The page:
By killing Fakhrizadeh Israel is doing its best to ensure that for Biden that military action is the only viable option available
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Mohsen Fakhrizadeh was the shadowy father of Iran's nuclear program; his existence, let alone his work, was barely acknowledged by Iran. A brigadier general with the Islamic Revolutionary Guard Command, Fakhrizadeh was involved in the academic aspects of Iranian national security, eventually heading up the Physics Research Center, where he masterminded the design and material acquisition in support of Iran's uranium enrichment effort.
In April 2018, Israeli Prime Minister Benjamin Netanyahu named Fakhrizadeh as the head of a covert military dimension to Iran's nuclear program, something Iran has vociferously denied. On Friday, November 28, 2020, the 62-year-old scientist was assassinated just outside the Iranian capital of Tehran. While no one has taken credit for his murder, Iran has placed the blame for his death squarely on Israel.
At the time of his death, Fakhrizadeh was the head of the Research and Innovation Organization (RIO), part of the Iranian Defense Ministry. A June 2020 report on nonproliferation published by the US Department of State alleged that Fakhrizadeh used the RIO "to keep former weapons program scientists employed " on [nuclear] weaponization-relevant dual-use technical activities " to aid in any future nuclear weapons development work in the event that a decision were made to resume such work."
This belief, when combined with Iran's decision to cease abiding by the provisions of the landmark 2015 Joint Comprehensive Plan of Action (JCPOA, better known as the Iran nuclear agreement) regarding the stockpiling of low-enriched uranium and the use of advanced centrifuges to enrich uranium, had the de facto effect of signing Fakhrizadeh's death warrant.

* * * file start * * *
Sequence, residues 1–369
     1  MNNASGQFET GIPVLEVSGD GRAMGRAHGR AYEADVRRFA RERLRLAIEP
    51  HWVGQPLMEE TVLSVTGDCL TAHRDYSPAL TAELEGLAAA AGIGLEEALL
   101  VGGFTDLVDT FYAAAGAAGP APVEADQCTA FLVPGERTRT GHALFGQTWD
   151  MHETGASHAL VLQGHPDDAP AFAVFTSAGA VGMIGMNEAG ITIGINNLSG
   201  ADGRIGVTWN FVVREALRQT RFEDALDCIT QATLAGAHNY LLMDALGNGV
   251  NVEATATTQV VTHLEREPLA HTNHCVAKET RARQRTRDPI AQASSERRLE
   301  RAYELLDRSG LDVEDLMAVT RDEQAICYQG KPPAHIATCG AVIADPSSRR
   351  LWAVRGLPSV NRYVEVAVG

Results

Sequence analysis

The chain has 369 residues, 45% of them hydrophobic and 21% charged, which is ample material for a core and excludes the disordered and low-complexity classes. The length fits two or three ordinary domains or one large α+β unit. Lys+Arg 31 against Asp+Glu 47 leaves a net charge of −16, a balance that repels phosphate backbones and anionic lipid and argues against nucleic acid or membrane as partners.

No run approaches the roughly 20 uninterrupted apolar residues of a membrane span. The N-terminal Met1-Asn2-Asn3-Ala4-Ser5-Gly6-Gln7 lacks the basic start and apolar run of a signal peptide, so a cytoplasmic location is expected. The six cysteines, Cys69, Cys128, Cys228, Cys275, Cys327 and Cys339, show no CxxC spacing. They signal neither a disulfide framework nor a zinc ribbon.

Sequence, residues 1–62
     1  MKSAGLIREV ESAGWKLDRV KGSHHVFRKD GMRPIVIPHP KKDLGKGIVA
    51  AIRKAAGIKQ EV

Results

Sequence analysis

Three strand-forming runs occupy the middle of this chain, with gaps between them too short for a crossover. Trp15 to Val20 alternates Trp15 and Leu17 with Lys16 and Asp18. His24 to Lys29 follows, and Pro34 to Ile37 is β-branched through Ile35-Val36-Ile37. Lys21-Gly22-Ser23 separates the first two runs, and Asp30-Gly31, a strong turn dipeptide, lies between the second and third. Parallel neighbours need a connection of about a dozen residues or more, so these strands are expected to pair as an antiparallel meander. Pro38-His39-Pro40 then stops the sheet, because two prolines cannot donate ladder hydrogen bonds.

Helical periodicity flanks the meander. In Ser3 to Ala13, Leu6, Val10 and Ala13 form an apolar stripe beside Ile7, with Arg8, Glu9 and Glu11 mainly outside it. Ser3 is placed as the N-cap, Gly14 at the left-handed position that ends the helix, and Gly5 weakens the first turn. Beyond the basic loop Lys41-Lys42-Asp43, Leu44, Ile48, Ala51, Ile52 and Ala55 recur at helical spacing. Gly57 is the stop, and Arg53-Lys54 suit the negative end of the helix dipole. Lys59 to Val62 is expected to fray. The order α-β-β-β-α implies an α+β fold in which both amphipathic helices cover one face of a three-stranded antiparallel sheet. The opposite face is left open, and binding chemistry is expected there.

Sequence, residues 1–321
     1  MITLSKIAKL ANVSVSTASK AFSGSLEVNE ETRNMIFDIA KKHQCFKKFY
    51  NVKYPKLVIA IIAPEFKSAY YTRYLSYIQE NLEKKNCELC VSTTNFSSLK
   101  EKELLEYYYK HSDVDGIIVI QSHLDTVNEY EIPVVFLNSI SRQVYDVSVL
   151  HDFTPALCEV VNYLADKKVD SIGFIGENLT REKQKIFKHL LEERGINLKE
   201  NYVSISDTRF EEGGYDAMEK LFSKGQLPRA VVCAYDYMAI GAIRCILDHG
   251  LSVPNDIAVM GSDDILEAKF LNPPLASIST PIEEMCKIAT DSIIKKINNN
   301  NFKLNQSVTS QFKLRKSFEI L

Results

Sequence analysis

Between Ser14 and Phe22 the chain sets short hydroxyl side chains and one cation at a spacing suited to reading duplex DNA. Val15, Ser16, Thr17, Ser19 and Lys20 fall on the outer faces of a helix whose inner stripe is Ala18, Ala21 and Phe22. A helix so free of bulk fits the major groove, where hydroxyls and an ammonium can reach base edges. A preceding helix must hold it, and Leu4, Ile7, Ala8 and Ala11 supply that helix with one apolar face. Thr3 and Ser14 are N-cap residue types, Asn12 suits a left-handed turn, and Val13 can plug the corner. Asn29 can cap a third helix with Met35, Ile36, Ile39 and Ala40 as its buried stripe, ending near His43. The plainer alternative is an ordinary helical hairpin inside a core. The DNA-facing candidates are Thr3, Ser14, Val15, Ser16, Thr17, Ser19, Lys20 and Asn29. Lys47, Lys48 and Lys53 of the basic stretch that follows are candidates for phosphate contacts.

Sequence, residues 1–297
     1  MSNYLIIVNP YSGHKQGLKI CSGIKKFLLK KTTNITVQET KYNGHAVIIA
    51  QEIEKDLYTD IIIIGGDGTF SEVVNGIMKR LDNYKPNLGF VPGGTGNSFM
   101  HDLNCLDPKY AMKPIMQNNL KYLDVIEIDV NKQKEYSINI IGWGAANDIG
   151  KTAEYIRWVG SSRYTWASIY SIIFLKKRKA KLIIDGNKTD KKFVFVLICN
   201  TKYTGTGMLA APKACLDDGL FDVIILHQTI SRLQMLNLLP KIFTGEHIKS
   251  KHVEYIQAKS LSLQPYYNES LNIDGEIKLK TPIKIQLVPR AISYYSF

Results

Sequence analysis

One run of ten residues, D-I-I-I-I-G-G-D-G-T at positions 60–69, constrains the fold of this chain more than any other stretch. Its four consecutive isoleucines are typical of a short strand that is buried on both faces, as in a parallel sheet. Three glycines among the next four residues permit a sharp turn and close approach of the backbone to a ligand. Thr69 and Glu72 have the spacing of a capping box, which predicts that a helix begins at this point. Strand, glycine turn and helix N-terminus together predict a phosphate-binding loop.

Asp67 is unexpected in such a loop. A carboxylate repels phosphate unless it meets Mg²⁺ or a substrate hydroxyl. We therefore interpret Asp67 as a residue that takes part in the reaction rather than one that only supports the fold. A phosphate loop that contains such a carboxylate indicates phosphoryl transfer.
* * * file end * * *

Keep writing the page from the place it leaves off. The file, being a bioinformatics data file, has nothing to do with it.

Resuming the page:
The JCPOA-imposed restrictions were designed with a one-year 'breakout' scenario in mind - in short, the time it would take Iran to produce enough highly enriched uranium to create a single nuclear device once the decision was made to cease adhering to restrictions on the numbers and types of centrifuges it could operate, the level of enrichment permitted, and the amount of low-enriched uranium allowed to be stockpiled.
In May 2019 - one year after President Donald Trump withdrew the US from the JCPOA - Iran began pulling back from its commitments under the agreement, citing its right to do so under Articles 26 and 36 of the deal, which allow a party to the agreement to cease its obligations if another party is found to be in noncompliance; Iran maintains that the failure of Europe to live up to its economic commitments under the JCPOA constituted demonstrable noncompliance. The end result is that today the 'breakout' period has shrunk to a few weeks.
For the Trump administration, Iran's noncompliance with the JCPOA had placed it in a quandary; the policy of sanctions-based 'maximum pressure' which had been instituted since 2018 was clearly not working when it came to the goal of compelling Iran to return to the negotiation table and hammer out a new, more restrictive nuclear deal.